FAQ Quick Menu For Home Paternity® Testing
About Our Testing Services
Q. How does a DNA parentage test work?
- A child inherits DNA from the mother’s egg (23 chromosomes) and the father’s sperm (also 23 chromosomes). Each parent contributes half of the child’s DNA. The child (and every person) has 23 pairs of chromosomes. For each location (“locus,” plural “loci”) in a chromosome pair there is a specific DNA sequence in each chromosome. A DNA parentage test works by identifying the specific DNA sequences for multiple loci in the mother, child, and father. If the mother and father are the parents of the child, the two DNA sequences at each locus in the child’s chromosomes must have been inherited from each parent. By determining these DNA sequences, paternity or other familial relationships can be established.
Q. How accurate is the DNA paternity test?
- DNA testing is the most accurate method available for determining paternity. Its power lies in the ability to trace the pattern of inheritance for separate regions of the genetic material (chromosomes). From this information a probability of paternity can be calculated. This number reaches 99.99999% in most cases. The percentage of random men of the same race that can be excluded as the biological father is also computed for every case. Some companies test as few as 16 chromosomal locations for the same price (or more) that we do to test 21 (20 identity markers plus one to confirm the sex of the person). The statistics generated with only 8 locations, however, are not nearly as conclusive, and in some cases can result in wrong conclusions, such as the father being excluded when, in fact, he is the true father.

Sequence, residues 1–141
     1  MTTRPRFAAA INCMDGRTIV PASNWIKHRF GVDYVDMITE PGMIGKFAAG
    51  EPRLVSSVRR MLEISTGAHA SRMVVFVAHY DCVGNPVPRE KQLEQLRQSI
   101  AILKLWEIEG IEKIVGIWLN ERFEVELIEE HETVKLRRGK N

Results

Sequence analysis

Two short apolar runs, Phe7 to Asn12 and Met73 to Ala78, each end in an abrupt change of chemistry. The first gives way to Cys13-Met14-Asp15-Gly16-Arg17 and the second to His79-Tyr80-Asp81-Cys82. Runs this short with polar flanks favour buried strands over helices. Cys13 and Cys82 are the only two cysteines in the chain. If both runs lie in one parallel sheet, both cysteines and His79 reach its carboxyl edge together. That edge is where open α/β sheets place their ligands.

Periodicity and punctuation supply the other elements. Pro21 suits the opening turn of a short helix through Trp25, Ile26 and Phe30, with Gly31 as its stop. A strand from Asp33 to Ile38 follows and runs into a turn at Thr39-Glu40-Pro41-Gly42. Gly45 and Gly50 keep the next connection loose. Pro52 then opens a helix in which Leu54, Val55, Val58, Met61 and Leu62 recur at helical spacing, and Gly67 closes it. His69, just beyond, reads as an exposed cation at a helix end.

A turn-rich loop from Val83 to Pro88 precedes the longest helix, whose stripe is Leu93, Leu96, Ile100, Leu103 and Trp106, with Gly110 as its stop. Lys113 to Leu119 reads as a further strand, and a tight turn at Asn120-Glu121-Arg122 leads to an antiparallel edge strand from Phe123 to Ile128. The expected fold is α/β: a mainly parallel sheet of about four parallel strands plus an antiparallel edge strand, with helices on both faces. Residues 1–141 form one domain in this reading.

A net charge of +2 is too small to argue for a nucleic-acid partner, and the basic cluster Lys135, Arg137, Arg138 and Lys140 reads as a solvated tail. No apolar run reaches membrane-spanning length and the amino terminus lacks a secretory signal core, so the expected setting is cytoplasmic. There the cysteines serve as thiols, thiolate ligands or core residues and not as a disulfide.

Q. What happens to the test samples after the test?
- Our normal procedure is to retain the samples for six months in case additional testing approved by the customer is necessary, and then destroy the samples. If you wish, however, you may request that we destroy all samples containing the tested persons' DNA immediately after completing the test.
Q. Does the mother have to be tested as well?
- No, although results cannot be as conclusive. Ideally, the mother, child, and alleged father should be tested. A child receives half of their DNA from their mother, and the other half from their father. Because the DNA half that the child receives from the mother will match the mother's DNA exactly, the remaining unmatched DNA will match that of the biological father. Without the ability to remove the mother's DNA from the equation, the possibility increases greatly that results will not be conclusive, which may require testing of additional genetic markers, thus extending the time and cost needed to achieve conclusive results. In general, if the mother is available for testing she should be included. In any event, the testing can still be performed and accurate results achieved without a sample from the mother.
Q. How will I receive my results?
- Test results are accessed online by clicking the RESULTS LOGIN button. You will login with the username (email) and password chosen during case setup. Please note, that we do not give results over the phone. If you'd like to receive your results by mail, you may select that option for an additional fee.
Q. Can I buy a test if I am from New York State?
- New York State has specific requirements for paternity testing including: collection by a third party under chain of custody; the specimen must be accompanied by a test order from your physician or lawyer; and specimens must be submitted to and analyzed by a laboratory holding a NYS permit. For more information on the NYS policy, call 1-800-682-6056.